Thursday, October 8, 2015

Beginning The Slow Trail Home

(Another catch up post)

We spend a few final days with the kids in Connecticut.  Knowing that the departure date was approaching and I felt the sense of dread building.  It doesn't matter how long we are able to stay for a visit, saying good bye is always difficult when you are separated by 3,000 miles and don't know when you will see each other again.

 Melissa and Karen


We take our final pictures to mark the visit and the passage of time and then we will be off to begin the long trip home.
 Leaving our little home among the trees at my daughters house in Connecticut. 

We are now six weeks into our  trip and needing begin our trek back to the Northwest.  It will not be a direct route as we intend to hit more wonderful areas and I have no intention of simply backtracking to where we have already been.  There is just to much world out there to see and experience to repeat where we have already gone.

Before leaving Connecticut, we continue on in our quest to connect with the strong women who helped form our Nation.  I didn't start this trip with that as a goal but it seemed to develop as we traveled along.  Now I find myself looking for opportunities to find the women who have shaped our past.  Along with Paul Revere a band of other colonists watched for the movement of the British and warned the colonists of coming danger. 

Sybil Ludington a 16 year old girl was sent by her father to sound the alarm to rally the colonists soldiers to defend Danbury, CT.  She road through the night for 40 miles on horseback.  The soldiers arrived to late to save Danbury, but they were later able to push, General William Tryon, and his men to Long Island Sound.   A number of statues though out the NorthEast marking the importance of her contribution.

               A statue of Sybil Ludington, in Danbury, CT.

Our last stop in Connecticut was in Hartford at the home of Harriet Beecher Stowe.



 In 1832, Harriet moved to Cincinnati with her father when he became President of Lane Seminary.  While there she saw slavery in nearby Kentucky, heard abolitionists and began writing.  She also met and married her husband, Calvin Stowe and gave birth to 6 of her 7 children.   She was horified by what she learned.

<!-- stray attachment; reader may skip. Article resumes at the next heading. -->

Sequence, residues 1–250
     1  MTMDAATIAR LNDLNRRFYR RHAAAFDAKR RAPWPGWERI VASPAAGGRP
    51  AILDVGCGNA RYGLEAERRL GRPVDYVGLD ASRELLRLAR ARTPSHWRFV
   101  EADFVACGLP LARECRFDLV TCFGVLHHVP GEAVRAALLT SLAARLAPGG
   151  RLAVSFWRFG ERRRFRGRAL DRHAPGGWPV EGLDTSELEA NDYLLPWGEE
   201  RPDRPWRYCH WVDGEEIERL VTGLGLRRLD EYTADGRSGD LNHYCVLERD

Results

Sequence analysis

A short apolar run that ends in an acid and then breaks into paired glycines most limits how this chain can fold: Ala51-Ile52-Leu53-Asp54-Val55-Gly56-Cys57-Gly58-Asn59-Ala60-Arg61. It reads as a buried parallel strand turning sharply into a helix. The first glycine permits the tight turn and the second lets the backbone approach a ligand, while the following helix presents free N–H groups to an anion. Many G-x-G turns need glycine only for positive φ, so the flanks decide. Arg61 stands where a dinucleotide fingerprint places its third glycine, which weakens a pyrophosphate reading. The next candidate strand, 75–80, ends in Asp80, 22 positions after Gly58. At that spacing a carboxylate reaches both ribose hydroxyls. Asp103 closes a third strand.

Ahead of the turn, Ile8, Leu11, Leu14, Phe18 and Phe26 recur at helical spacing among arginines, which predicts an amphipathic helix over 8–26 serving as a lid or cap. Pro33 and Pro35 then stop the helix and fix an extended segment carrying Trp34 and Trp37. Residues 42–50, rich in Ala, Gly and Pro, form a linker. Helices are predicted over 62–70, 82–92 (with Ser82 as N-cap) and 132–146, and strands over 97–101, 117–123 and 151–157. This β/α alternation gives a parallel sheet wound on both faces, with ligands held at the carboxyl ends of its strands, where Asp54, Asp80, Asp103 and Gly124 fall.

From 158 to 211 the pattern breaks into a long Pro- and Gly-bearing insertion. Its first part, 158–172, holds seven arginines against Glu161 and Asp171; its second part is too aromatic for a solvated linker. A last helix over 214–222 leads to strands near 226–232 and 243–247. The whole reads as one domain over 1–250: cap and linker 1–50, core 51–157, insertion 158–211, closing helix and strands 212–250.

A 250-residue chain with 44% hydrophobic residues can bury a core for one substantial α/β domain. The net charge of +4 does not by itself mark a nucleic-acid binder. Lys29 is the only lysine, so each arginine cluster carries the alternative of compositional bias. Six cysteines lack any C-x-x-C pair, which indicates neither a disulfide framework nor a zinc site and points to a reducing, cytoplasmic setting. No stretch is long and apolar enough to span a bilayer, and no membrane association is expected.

" a woman, as a mother, I was oppressed and broken-hearted with the sorrows and injustice I saw..."

                                       " a Christian I felt the dishonor to Christianity..."

 Deeply religious, she believed that ministers should speak out condemning slavery, but few did.
She felt her faith was dishonored. 

Uncle Tom's Cabin, the most widely known of all her work,  (1852), changed forever how Americans viewed slavery, the system that treated people as property. It demanded that the United States deliver on the promise of freedom and equality, galvanized the abolition movement and contributed to the outbreak of the Civil War. The book still calls on us to confront the legacy of race relations in the U.S. 

Not only did we have an opportunity to view her lovely home, we were invited to view papers and pamphlets of that time and discuss them with the others on the tour.  It was informational, exposing, and insightful.  Clearly one of the best museum experiences of our trip.

The strength of Uncle Tom's Cabin today, as in 1851, is its ability to inspire readers to reach toward social justice.   After all this time and all these years there is still much work to be done.  
We were inspired.

The exclusive neighborhood the the Stowe's lived in called the Nook Farm was a community of reformers activists, politicians, journalists, feminists, painters and writers.  All of them worked in their own ways to make a difference in the world. 

On adjoining property is the elegant Mark Twain House.

Samuel Langhorne Clemens (November 30, 1835 – April 21, 1910), better known by his pen name Mark Twain, was an American author and humorist. 


The exclusive neighborhood the the Stowes lived in called the Nook Farm was a community of reformers activists, politicians, journalists, feminists, painters and writers.  All of them worked in their own ways to make a difference in the world.

 Pictures from the web show the opulence of his home

The 'man cave' where he did extensive writing.

 His most famous work was written while he lived in Hartford.